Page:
Cinema Eden

By Juan Goytisolo

cinema-eden-1.jpgCinema Eden; © Barnaby Rogerson

The picture houses of North Africa: flea-pits and fantasy realms

There exists an almost extinct species of cinema whose auditorium, dense atmosphere and original setting stand out more strongly, more glowingly in the memory than the meandering plot of their films. My childhood experience was decisive in this respect and casts light on my future fondness for the flea-pits that recall those first cinemas I patronised in the neighbourhood of the district of Barcelona where I was born and to which I returned with my stricken family a few months after Franco’s victory. These were the Murillo – the Primavera from the pre-war years – a name it reclaimed in the fifties before being closed down for good and re­placed by an apartment block at the point where paseo Bonanova crosses calle Angli- and the smaller, humbler Breton, right in the heart of the still rather prim and provincial suburb of Sarrià.

Their audi­ences were mainly young and enthusiastic: they gathered or queued up in front of the box-office ages before the programme started and whetted their appetite by gazing at the posters and photos advertising the films for that day and the weeks to come, rapturously consuming lupin seeds and garishly coloured sweets through lips coated black by prolonged sucking of gluey sticks of liquorice. On the inside, the stalls and tatty upstairs had more the look of a shed or barn than a real cinema. The noisy, unruly filmgoers watched the compulsory round of newsreels, first the UFA, translated from German, and then the Nodo, in which the Wehrmacht’s unstoppable advances and the Caudillo’s appearances were greeted by the adults, up on their feet, arms raised in salute.

And finally, the horror, adventure or cowboy films that were to carry on throughout the school year with little variation: the spectators were not after novelties; on the contrary, they came to be excited by situations and subjects that were familiar. We were bored by sentimental films aimed at a female audience and avoided them: we migrated from the Murillo and its mixed clientele to take refuge in the Breton. I remember how we came out of the place in a daze, still entranced by the magic emanating from the screen, arguing with some friend over the hero of the film’s feats of daring and the moments of greatest danger or tension. In that period, alone or with my brothers, I would walk to the cinema and only very occasionally took the Sarrià metro, in order to alight at the Gracia and Catalonia stations, on my way to the Roxy, Vergara or Capitol. The elegant Montecarlo had yet to be inaugurated, and the luxurious Windsor, whose sanctuary I would set foot in much later, in the pretentious guise of a gilded youth, did not yet exist.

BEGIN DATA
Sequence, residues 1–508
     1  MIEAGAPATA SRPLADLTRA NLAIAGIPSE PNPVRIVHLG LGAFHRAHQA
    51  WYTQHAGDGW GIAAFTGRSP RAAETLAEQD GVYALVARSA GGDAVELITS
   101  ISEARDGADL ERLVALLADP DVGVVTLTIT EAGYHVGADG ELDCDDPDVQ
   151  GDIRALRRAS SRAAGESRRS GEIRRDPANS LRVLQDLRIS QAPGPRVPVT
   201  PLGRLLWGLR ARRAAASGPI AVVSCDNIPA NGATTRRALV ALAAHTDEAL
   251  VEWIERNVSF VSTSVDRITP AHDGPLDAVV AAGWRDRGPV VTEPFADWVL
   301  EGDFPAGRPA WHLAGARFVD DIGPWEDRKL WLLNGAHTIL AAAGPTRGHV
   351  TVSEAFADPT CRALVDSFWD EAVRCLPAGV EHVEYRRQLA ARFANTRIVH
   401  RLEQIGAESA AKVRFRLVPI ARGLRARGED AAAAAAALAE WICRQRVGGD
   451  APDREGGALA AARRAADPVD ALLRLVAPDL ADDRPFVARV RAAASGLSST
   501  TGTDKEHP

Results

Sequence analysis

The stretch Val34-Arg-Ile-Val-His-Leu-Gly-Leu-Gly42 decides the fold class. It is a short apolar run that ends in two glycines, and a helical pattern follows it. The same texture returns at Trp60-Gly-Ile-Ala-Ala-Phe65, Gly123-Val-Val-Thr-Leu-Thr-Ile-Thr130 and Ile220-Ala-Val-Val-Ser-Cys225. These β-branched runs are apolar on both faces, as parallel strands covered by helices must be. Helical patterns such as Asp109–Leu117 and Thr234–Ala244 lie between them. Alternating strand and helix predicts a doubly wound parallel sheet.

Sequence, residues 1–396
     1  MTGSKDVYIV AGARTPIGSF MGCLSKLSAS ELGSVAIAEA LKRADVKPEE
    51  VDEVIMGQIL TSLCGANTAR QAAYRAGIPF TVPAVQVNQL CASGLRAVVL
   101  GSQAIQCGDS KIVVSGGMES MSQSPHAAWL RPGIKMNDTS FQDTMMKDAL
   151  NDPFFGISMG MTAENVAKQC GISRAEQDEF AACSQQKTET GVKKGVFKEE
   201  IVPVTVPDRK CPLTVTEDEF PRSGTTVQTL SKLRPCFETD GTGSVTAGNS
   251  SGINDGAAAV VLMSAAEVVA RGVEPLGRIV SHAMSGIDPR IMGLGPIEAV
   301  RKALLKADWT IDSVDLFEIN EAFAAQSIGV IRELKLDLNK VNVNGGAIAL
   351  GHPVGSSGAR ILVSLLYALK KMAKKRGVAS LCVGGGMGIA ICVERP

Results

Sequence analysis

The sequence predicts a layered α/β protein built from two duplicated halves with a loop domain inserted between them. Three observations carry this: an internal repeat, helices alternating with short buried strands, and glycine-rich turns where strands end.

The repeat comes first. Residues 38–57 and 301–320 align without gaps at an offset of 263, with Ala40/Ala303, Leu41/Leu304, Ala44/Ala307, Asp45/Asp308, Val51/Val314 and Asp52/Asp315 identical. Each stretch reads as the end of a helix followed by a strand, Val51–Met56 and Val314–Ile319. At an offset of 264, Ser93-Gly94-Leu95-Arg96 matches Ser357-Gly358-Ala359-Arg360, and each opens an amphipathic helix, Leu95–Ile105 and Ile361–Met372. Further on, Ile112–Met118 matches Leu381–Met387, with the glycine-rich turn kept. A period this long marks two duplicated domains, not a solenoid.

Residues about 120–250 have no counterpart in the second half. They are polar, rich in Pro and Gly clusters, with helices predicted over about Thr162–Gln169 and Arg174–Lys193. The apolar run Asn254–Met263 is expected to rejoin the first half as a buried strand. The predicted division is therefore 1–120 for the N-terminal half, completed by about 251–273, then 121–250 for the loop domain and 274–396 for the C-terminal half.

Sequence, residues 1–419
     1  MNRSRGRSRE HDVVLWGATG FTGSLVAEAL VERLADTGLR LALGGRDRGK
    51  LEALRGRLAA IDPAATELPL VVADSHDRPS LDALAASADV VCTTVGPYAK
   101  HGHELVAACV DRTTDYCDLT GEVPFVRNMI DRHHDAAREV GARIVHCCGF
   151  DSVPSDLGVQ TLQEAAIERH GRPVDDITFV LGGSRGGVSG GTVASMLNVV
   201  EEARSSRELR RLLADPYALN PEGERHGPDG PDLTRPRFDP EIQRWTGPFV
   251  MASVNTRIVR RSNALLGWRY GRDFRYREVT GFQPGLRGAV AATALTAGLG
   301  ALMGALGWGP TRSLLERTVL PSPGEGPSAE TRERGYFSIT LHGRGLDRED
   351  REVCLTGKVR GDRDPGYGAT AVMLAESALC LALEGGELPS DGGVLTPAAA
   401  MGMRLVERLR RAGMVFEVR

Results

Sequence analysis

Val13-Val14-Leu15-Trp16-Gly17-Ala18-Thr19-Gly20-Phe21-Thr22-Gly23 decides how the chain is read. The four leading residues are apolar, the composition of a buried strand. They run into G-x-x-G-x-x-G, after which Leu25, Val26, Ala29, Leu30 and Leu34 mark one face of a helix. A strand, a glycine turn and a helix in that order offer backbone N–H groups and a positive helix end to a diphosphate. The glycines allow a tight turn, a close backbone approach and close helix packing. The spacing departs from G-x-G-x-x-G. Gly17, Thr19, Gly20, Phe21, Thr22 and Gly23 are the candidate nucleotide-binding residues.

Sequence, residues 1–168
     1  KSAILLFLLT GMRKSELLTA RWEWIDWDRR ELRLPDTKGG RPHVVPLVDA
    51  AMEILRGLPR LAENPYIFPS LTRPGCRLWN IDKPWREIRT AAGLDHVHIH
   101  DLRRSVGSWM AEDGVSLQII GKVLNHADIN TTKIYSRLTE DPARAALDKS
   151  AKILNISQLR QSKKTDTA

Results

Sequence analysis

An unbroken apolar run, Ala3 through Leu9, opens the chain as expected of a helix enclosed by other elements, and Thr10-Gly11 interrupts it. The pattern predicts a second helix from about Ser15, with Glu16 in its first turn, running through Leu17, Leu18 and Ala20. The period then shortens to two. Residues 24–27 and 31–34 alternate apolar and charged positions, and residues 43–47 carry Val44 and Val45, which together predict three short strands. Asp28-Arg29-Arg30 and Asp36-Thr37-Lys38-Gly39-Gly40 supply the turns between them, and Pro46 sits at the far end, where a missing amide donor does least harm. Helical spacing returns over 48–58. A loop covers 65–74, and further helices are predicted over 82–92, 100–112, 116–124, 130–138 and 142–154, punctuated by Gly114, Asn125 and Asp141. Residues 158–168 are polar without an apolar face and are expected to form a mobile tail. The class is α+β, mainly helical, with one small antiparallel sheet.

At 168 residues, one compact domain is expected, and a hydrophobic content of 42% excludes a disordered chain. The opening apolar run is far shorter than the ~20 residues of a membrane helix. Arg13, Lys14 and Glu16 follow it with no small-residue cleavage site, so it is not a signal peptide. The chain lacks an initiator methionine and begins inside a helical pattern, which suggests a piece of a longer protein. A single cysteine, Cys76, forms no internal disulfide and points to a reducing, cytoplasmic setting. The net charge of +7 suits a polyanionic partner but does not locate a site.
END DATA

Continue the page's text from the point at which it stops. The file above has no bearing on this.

Over the last thirty years, in cities throughout the world, I have come across cinemas, like those I knew as a child, where the atmosphere inside is equally, if not more, inviting than the programme of films: the Luxor and Palais Rochechouart in Paris, the Vox in Tangier, the Caruso in Essaouira, the Belkis in Aden and, above all, in Marrakesh: the Rif, the Mabruka, the Mauritania, the Eden. The Luxor – to which I devoted a few pages of my novel Makbara – was a real cinema-palace, with one-price seats in the stalls, circle and gods, where the motley audience displayed only a passing interest in what was happening on the screen: for many, the real action was to be found in the basement and circle toilets, the back rows of the mezza­nine and the whole of the gods.

cinema-eden-2.jpgCinema Eden; © Barnaby Rogerson

The regulars were largely North Africans, with a faithful minority of heterogeneous gays, from a painted lady from Cadiz complete with fan and mantilla to the semiologist Roland Barthes. Some of those customers hadn’t a clue about the story-line of the occasionally fascinating films that were shown in the cinema: their minds lay elsewhere. When an intrepid compatriot extended her manual activities into the centre of the stalls and was caught in the act by the usherette’s torch, she responded in queenly style to the man marching her out, “but that’s what I come for. You don’t think I buy a ticket because of the divine quality of your films!”